Musica Ficta. Theories of accidental inflections in Vocal Polyphony from Marchetto da Padova to Gioseffo Zarlino.

The main purpose of this book is to clarify the meaning and use of the conventions governing the practice of implied accidentals in vocal polyphony from the early fourteenth to the mid-sixteenth century - a problem which has fascinated musicologists for over a hundred years now. Musicians of the late Middle Ages and Renaissance did not think it was necessary to write down all accidentals; since some accidental inflections were implied by the musical context, performers made them whether or not they were notated. This practice imposes on modern readers of early music sources, the task of supplying all such conventionally implied accidental inflections and the successful achievement of this task depends on a knowledge and understanding of the conventions involved. Since the practice of implied accidentals can be understood only in a wider context of compositional, notational, and performing practice of the period, the book attempts to throw light on some aspects of these practices as well.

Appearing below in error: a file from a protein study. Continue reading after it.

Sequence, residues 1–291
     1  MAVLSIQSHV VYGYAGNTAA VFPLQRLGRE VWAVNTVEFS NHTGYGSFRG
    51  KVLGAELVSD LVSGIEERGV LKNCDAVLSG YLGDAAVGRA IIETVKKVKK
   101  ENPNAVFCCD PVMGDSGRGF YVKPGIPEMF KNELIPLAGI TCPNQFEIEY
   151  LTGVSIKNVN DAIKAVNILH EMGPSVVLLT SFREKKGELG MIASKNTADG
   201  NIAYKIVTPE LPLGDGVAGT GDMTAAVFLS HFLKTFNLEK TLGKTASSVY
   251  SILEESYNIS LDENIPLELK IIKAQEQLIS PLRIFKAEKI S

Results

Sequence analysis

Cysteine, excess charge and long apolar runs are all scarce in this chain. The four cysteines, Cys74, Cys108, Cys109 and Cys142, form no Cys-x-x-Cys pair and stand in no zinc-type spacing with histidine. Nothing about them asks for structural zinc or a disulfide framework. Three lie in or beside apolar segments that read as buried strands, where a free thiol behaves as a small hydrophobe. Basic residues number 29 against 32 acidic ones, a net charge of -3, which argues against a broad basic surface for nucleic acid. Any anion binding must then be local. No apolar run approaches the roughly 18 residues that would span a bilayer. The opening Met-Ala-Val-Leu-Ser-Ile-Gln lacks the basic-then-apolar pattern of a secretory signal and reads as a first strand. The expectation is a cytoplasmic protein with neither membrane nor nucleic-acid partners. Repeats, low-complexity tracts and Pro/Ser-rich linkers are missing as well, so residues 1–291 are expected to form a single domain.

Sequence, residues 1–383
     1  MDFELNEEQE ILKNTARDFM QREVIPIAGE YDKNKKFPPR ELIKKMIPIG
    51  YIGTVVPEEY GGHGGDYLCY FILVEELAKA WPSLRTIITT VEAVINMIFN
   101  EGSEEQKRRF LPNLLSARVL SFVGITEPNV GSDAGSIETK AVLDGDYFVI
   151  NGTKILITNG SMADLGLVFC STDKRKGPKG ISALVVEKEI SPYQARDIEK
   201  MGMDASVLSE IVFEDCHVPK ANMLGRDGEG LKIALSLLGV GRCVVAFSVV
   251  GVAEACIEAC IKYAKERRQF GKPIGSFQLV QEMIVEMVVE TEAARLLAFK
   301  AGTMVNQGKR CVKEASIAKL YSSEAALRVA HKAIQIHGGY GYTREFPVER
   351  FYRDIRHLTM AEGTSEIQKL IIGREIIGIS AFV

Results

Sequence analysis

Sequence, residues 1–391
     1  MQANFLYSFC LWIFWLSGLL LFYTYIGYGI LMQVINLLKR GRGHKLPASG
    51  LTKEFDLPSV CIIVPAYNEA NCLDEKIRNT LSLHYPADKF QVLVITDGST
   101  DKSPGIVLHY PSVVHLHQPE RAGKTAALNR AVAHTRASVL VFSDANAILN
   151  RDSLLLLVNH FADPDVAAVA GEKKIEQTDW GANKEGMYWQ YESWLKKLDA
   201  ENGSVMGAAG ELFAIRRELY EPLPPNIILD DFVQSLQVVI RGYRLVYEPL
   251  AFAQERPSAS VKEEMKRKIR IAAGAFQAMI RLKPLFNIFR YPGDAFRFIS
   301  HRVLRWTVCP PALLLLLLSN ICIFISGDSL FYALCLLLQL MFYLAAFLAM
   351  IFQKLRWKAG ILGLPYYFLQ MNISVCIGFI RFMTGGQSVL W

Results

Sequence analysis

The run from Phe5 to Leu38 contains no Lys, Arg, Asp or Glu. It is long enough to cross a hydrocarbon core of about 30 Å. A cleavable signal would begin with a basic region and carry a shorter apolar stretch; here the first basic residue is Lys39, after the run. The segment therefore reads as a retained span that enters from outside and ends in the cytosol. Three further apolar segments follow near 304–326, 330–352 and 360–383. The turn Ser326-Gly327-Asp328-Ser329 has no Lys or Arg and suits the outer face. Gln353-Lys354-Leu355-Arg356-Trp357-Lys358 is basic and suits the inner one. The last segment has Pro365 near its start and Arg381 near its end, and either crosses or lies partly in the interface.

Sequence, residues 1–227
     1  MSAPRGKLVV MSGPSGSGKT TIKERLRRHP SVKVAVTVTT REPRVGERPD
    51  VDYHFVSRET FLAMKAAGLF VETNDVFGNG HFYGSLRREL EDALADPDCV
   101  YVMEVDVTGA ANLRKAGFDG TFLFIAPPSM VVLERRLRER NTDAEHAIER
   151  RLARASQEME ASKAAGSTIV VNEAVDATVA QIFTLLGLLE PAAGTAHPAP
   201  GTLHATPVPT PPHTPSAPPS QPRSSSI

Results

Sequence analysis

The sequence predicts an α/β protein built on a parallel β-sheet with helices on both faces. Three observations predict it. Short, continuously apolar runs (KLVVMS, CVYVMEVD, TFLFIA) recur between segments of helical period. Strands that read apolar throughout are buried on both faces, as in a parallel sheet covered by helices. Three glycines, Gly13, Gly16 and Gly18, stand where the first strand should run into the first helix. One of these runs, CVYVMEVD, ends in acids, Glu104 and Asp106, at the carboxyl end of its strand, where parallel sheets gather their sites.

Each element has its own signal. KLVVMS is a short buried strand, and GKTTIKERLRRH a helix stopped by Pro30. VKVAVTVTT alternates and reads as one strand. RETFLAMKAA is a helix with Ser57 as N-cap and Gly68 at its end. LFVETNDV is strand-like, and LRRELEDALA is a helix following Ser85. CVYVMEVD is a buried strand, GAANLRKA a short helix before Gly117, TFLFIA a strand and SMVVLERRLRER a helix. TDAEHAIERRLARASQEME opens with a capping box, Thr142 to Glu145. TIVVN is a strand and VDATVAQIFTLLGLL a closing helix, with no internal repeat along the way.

Cambridge, 2004. 288pp. Encuadernación rústica.

Table of contents:

List of figures
Part I. The Content and Structure of Musica Ficta: 1. Within the hand
2. Beyond the hand
Part II. The Functions and Uses of Musica Ficta: 3. Signatures
4. Horizontal relations
5. Vertical and cross relations
6. Contrapuntal progressions
7. Canon and imitation
Part III. Written and Implied Accidental Inflections: 8. Classes of accidental inflections in early vocal polyphony